Do Personality and Culture Influence Perceived Video Quality and Enjoyment?

Scott, Michael and Guntuku, Sharath Chandra and Lin, Weisi and Ghinea, Gheorghita (2016) Do Personality and Culture Influence Perceived Video Quality and Enjoyment? IEEE Transactions on Multimedia, 18 (9). pp. 1796-1807. ISSN 1520-9210

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Official URL: http://ieeexplore.ieee.org/document/7480836/

Abstract / Summary

The interplay between system, context and human factors is important in perception of multimedia quality. However, studies on human factors are very limited in comparison to those for system and context factors. This article presents an attempt to explore the influence of personality and cultural traits on perception of multimedia quality. As a first step, a database consisting of 144 video sequences from 12 short movie excerpts has been assembled and rated by 114 participants from a cross-cultural population. Thereby providing a useful ground-truth for this (as well as future) study. As a second step, three statistical models are compared: (i) a baseline model to only consider system factors; (ii) an extended model to include personality and culture; and (iii) an optimistic model in which each participant is modeled. As a third step, predictive models based on content, affect, system, and human factors are trained to generalize the statistical findings. As shown by statistical analysis, personality and cultural traits represent 9.3% of the variance attributable to human factors and human factors overall predict an equal or higher proportion of variance compared to system factors. Moreover, the quality-enjoyment correlation varies across the excerpts. Predictive models trained by including human factors demonstrate about 3% and 9% improvement over models trained solely based on system factors for predicting perceived quality and enjoyment. As evidenced by this, human factors indeed are important in perceptual multimedia quality, but the results suggest further investigation of moderation effects and a broader range of human factors is necessary.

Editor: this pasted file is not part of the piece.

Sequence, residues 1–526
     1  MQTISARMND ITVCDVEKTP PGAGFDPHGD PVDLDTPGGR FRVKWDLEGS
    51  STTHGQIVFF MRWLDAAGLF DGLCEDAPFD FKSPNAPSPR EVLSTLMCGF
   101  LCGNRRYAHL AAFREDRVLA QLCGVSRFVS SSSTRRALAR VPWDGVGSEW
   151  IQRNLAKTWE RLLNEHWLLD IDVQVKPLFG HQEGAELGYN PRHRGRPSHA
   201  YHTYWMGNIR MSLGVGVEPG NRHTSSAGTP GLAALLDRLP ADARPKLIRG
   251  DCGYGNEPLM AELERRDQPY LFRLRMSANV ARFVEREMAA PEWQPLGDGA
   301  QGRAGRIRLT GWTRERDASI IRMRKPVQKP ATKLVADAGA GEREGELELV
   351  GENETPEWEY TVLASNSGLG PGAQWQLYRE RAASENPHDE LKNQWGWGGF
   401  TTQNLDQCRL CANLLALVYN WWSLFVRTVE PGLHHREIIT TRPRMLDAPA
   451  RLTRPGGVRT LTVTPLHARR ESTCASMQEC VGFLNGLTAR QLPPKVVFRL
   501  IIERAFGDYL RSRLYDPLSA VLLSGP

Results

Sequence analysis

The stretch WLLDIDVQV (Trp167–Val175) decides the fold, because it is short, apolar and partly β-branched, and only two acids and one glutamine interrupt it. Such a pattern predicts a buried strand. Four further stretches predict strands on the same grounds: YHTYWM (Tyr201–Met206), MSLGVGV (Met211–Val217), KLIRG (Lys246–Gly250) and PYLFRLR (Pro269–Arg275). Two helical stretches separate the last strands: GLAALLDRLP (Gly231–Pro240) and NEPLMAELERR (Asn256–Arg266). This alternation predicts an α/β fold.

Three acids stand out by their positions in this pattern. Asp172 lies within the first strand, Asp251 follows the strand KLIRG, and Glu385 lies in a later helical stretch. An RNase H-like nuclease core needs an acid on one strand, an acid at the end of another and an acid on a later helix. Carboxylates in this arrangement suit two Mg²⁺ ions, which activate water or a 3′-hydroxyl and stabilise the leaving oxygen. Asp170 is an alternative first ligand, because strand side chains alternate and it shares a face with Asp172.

Item Type: Article
Identification Number: 10.1109/TMM.2016.2574623
ISSN: 1520-9210
Subjects: Computer Science, Information & General Works
Communication > Media > Digital Media
Social Sciences
Technology
Courses by Department: The School of Film & Television > Games and Animation
Depositing User: Michael Scott
Date Deposited: 28 Apr 2016 15:28
Last Modified: 11 Dec 2016 09:09
URI: http://repository.falmouth.ac.uk/id/eprint/1716

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